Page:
“The sun will come out, tomorrow, bet your bottom dollar that tomorrow, there’ll be sun…” Yes, friends, back in the mists of prehistory (AKA grade school), yours truly was in a presentation of the musical Annie. To this day, I find myself singing some of those songs at certain points in my life.
And indeed, the sun has come out. I was having my doubts last week. Normally I am a pluviophile, a lover of rain, so to speak, but by Wednesday, I had started feeling vaguely ill whenever I heard drops hitting the roof. During the periods of torrential downpours, I found myself holding my breath, hoping to stave off any flooding through sheer force of will.
As you can tell, it didn’t work. We got up on Wednesday and looked out at massive flooding in our yard and horse pen. There wasn’t much to do but wait for it to subside a bit, and sure enough, we got the call for school cancellation. My son went next door to play with the neighbor kids but ended up getting put to work hauling waterlogged items out of their flooded basement. The water was receding, but as always, not fast enough.
Then, oh joy of joys, I happened to look up and see both horses standing in the front yard, happily munching grass.
My daughter and I tried to push them back to the pen, which wasn’t quite as flooded by this time. The horses were none too pleased with that Idea. We finally got a halter on one of the spooked mares and tied her so that they’d stay close. I went next door and asked to borrow the kids, and what happened next was one of the closest things to a miracle I’ve ever seen. My hubs and all 4 kids swung into action bringing round pen panels up to a dry corner of the yard.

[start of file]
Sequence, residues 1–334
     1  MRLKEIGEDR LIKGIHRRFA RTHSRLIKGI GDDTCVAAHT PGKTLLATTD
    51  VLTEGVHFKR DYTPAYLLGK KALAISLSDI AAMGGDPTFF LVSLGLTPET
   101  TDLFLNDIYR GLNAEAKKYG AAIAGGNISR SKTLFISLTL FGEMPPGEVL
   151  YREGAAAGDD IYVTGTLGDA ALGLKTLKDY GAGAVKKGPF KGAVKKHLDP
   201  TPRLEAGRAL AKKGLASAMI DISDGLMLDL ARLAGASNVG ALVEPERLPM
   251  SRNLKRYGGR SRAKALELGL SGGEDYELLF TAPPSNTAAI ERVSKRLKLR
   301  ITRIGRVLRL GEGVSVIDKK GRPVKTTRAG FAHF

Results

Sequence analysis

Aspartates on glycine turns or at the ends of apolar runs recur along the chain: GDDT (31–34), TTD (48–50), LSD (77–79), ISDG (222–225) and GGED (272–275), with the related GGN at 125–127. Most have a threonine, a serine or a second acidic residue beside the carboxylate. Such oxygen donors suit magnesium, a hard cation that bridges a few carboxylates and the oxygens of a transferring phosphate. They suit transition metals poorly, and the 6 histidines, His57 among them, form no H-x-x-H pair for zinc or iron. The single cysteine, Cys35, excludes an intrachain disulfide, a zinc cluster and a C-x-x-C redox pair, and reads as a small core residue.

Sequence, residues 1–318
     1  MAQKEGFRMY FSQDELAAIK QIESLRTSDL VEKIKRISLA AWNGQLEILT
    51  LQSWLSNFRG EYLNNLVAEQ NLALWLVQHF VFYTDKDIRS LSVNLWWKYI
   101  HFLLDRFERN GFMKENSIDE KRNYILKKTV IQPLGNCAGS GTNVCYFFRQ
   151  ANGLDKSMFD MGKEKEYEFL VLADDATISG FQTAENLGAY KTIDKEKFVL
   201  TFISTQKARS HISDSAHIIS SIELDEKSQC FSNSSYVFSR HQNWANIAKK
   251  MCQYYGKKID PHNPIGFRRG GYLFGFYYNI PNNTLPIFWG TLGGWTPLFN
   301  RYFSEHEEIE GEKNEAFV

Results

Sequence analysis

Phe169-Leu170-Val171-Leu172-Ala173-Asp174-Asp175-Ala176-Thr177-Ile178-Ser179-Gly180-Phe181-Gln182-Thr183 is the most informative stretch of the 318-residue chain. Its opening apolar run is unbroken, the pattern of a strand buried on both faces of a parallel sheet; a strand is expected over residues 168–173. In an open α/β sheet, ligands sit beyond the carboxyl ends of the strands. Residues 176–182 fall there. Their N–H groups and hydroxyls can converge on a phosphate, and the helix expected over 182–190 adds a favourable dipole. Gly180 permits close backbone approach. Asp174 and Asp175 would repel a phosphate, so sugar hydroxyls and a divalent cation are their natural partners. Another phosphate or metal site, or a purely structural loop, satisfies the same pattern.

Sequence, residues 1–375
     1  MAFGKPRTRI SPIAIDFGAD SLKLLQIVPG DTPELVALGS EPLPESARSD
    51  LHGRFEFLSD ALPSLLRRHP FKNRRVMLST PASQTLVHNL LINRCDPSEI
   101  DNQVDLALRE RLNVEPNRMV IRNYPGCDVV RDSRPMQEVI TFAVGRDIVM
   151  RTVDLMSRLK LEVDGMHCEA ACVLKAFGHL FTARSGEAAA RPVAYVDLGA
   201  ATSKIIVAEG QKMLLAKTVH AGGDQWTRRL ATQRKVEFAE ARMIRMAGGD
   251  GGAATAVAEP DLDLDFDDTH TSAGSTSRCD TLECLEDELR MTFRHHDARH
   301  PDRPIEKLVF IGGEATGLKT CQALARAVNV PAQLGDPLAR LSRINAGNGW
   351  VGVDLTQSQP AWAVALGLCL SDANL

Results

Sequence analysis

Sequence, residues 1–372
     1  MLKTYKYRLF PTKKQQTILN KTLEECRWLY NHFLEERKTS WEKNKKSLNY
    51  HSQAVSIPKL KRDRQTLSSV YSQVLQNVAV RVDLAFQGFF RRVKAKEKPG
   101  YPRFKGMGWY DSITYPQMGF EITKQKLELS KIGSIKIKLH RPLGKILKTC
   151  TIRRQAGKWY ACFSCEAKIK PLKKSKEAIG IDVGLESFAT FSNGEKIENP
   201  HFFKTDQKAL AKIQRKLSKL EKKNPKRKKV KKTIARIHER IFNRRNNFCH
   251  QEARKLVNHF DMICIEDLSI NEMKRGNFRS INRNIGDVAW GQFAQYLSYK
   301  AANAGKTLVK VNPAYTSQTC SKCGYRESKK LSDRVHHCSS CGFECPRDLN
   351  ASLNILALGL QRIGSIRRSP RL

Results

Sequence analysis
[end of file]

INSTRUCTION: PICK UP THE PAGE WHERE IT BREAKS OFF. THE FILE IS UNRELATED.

Trip after trip carrying the heavy panels, the kids worked quickly during a lull in the rain. They were bringing panels almost as quickly as I could arrange them, creating a corral under some sheltering trees. In almost no time, we had the pen finished, horses safely put in, and hay and water supplied. (Remember that square baler we were so tickled to get? If we hadn’t have had those square bales, getting the girls fed would have been a much larger hassle.) After they finished at our place, the kids headed back next door to continue helping there.
Later that afternoon, exhausted from the excitement and not a little bit overwhelmed by the sheer amount of work it was going to take to get things fixed up and cleaned up, I just felt numb when I heard the rain start to fall again. I saw movement outside the front windows again. I glanced up, halfway expecting to see the horses out again.
The sight that met my eyes instead was nothing less than amazing. There stood my son, wearing my big black galoshes, the heavy winter coat he had on dripping water from the hood that covered half his face. The uncovered bottom half of his face was wreathed in a big, beaming grin. In each hand, he held a bedraggled tomato plant, root ball still intact.
You see, Scott had bought and planted our tomato crop for this year last weekend. The garden had been inundated with rushing, muddy water, and we had, somewhat sadly, written off the tomatoes as lost. I stepped outside into the rain. ”What are you doing?” I asked, mouth agape.
“I’m saving tomatoes, Mom,” he replied happily. And save tomatoes he did. Time and again, he ventured down to the ruined garden, always stopping at the window to show me that he’d found more. By the time he stopped, not only had he found all twelve of the tomato plants, he had replanted them in my front flower garden. Beamingly happy and dripping wet, my son had saved our tomatoes.
And, through the rain, we learned a little more just how blessed we are. Scott got the water out of our basement (and the deep freeze and water heater are still operational!). We’re all safe, the critters are all fine, we have amazing neighbors who are always willing to help, and even offer us a place to put the horses, and we even still have tomatoes.
I have the feeling that, for the rest of my life, I won’t be able to eat a tomato without thinking of my tomato-saving boy. And of course, the memory of the rest of that day will probably come *ahem* flooding back too. As always, may your life be peppered with good people and good memories, and remember to take all the rest with a grain of salt.